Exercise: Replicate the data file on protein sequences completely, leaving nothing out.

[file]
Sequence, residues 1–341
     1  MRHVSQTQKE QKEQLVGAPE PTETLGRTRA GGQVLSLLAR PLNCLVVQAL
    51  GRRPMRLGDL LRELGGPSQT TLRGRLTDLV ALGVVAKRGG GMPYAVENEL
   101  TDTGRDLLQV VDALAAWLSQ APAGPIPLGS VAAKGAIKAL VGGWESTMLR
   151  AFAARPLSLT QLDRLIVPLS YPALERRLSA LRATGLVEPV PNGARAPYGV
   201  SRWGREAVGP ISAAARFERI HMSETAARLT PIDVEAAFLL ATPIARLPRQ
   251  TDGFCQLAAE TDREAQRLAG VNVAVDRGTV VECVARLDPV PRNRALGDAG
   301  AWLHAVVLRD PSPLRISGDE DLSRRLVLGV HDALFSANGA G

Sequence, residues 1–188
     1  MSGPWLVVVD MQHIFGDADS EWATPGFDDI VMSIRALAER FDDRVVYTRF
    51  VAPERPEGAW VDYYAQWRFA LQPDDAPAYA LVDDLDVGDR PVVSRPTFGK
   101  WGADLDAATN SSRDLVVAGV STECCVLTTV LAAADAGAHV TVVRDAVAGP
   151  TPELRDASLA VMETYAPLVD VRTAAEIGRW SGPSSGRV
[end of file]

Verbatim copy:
Sequence, residues 1–341
     1  MRHVSQTQKE QKEQLVGAPE PTETLGRTRA GGQVLSLLAR PLNCLVVQAL
    51  GRRPMRLGDL LRELGGPSQT TLRGRLTDLV ALGVVAKRGG GMPYAVENEL
   101  TDTGRDLLQV VDALAAWLSQ APAGPIPLGS VAAKGAIKAL VGGWESTMLR
   151  AFAARPLSLT QLDRLIVPLS YPALERRLSA LRATGLVEPV PNGARAPYGV
   201  SRWGREAVGP ISAAARFERI HMSETAARLT PIDVEAAFLL ATPIARLPRQ
   251  TDGFCQLAAE TDREAQRLAG VNVAVDRGTV VECVARLDPV PRNRALGDAG
   301  AWLHAVVLRD PSPLRISGDE DLSRRLVLGV HDALFSANGA G

Sequence, residues 1–188
     1  MSGPWLVVVD MQHIFGDADS EWATPGFDDI VMSIRALAER FDDRVVYTRF
    51  VAPERPEGAW VDYYAQWRFA LQPDDAPAYA LVDDLDVGDR PVVSRPTFGK
   101  WGADLDAATN SSRDLVVAGV STECCVLTTV LAAADAGAHV TVVRDAVAGP
   151  TPELRDASLA VMETYAPLVD VRTAAEIGRW SGPSSGRV